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Suga’s a sure bet in Japan’s leadership election

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Japan's Prime Minister Shinzo Abe gestures during a news conference to Yoshihide Suga, Chief Cabinet Secretary in Tokyo, Japan, 4 May 2020 (Photo: Eugene Hoshiko/Pool via Reuters).

In Brief

The outcome of Japan’s Liberal Democratic Party (LDP) leadership election on 14 September is a foregone conclusion and an election in name only. Chief Cabinet Secretary Yoshihide Suga will almost certainly succeed Shinzo Abe as Japan’s next prime minister on 16 September. This is a striking turnaround from just three months ago when his political standing was on much shakier ground.


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The LDP’s factions remain the dominant players in party presidential elections. Historically, their principal role has been to elevate their leaders to the prime ministership. Becoming LDP president and Japan’s prime minister has traditionally required the support of a coalition of factions that command a majority of LDP Diet members.

On the maths, Suga — while nominally ‘factionless’ — is a clear winner against this criterion, especially given that the leadership vote will be closed to rank-and-file members owing to contested claims about the difficulty of an all-party vote. He has the backing of five out of seven LDP factions, plus a dozen or so non-factionally affiliated LDP parliamentarians. This will ensure around 276 votes for Suga representing at least 70 per cent of all LDP Diet members.

These figures suggest that the election will not be a real contest. The poll on 14 September will be engineered by the ‘old guard’ of the LDP, with the party’s Executive Council deliberately disenfranchising rank-and-file party members to produce their preferred outcome. The just-announced LDP prefectural branch presidential ‘primaries’ to choose three delegates from each branch to vote in the election are unlikely to alter the predicted outcome. The latest polls also show Suga outcompeting candidates from rival factions in public opinion — he has 38 per cent support compared with Shigeru Ishiba’s 25 per cent and Fumio Kishida’s 5 per cent.

Ultimately it comes down to the fact that Kishida and Ishiba’s factions can muster only 66 votes, or 17 per cent of LDP Diet members. They appear resigned to using the election as a trial run to build support for their bids in anticipation of the next party presidential election in September 2021. From this perspective Suga is seen as only leading a caretaker administration.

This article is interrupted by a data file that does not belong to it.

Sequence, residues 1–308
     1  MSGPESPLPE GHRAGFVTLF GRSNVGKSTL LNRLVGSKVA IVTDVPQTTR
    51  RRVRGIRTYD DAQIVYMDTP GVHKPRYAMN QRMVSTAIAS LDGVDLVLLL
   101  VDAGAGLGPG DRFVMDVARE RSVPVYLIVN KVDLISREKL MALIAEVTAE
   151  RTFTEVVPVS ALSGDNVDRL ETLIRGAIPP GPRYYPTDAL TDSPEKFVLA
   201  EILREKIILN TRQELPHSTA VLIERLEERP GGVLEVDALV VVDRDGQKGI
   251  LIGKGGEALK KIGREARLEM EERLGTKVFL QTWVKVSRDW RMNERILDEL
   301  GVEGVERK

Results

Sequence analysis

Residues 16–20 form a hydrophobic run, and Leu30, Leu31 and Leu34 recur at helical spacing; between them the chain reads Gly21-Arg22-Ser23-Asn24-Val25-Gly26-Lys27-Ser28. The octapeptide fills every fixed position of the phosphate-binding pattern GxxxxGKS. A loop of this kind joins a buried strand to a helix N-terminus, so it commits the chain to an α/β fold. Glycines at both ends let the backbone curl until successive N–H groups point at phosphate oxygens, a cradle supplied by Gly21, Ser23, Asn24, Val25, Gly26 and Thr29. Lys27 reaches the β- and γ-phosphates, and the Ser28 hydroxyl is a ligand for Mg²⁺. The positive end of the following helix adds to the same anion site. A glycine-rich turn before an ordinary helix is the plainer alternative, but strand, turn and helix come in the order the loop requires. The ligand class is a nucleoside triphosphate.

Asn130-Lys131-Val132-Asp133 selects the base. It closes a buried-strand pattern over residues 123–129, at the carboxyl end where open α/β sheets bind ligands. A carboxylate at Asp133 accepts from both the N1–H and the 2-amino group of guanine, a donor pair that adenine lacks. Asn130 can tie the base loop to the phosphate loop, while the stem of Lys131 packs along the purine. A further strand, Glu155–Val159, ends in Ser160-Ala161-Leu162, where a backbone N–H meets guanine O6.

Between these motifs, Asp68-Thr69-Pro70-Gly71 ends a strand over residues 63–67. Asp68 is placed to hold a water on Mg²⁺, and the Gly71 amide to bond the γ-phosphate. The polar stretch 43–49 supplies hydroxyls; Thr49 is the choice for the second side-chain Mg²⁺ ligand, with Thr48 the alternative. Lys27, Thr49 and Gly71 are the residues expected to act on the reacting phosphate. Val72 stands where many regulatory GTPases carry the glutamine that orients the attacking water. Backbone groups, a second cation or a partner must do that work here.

Other possible contenders for LDP president and prime minister — Defense Minister Taro Kono and Environment Minister Shinjiro Koizumi — have expressed no interest in pursuing what they see as a lost cause. Deputy Prime Minister Taro Aso and staunch Abe ally has said privately that Taro Kono ‘still needs more experience to become a good prime minister’. Koizumi has accused the party executive of ‘lying’ about the reason for excluding the party’s rank and file from the vote.

What are the implications of a Suga victory?

First, from a party-political perspective, it will confirm the continuing importance of LDP factions as key players in party presidential elections.

Second, from a Japanese government and policy perspective, a Suga administration will ensure policy continuity. Not only has Suga been an avid supporter and defender of Abe’s policies but he has also made an explicit commitment to continue them, stating, ‘I will take on the initiatives of Prime Minister Abe and do everything I can to take them forward’. Suga has declared he will assume responsibility for Abenomics and not upset the government’s existing agreement with the Bank of Japan on monetary easing. Suga is also likely to follow Abe’s foreign policies.

This raises the question whether Japan will end up with what is, in reality, a de facto Abe administration.

The fact that Suga lacks charisma, projects an image of a political functionary and has modest popular appeal also suits the former prime minister. Abe’s legacy is unlikely to be overshadowed or challenged by Suga. This could be another reason why Abe agreed with LDP Secretary-General Toshihiro Nikai and Deputy Prime Minister Aso that he should switch his long-held support for faction leader Fumio Kishida to succeed him across to Suga. The reality was Kishida faced certain defeat against Ishiba — Abe’s archrival — who has consistently had solid support from local LDP party members and who also represents a far greater long-term challenge to Abe’s legacy.

Suga is skilled at evading questions about politics and policy and at avoiding accountability as government spokesperson, including stonewalling and defending the indefensible scandals that repeatedly engulfed the Abe administration. This raises the question — will Suga remain Abe’s mouthpiece even after he becomes prime minister?

Abe’s role beyond the LDP presidential election is also unclear. Will he remain in the Diet? Will he run things from behind the scenes? Will Suga lead a puppet administration with Abe pulling the strings?

A more difficult question to answer is whether Suga’s government, like Abe’s, will be a Kantei-led administration. Under this system, those recruited to the prime ministerial executive from the political and bureaucratic worlds play a prominent role pursuing policy initiatives on behalf of the prime minister, subordinating both the ruling party and the Kasumigaseki ministries in the policymaking process.

One certainty is that Abe has undoubtedly set the bar higher for the prime ministerial leadership. He will be a hard act to follow.

Aurelia George Mulgan is Professor at the School of Humanities and Social Sciences, the University of New South Wales, Canberra.

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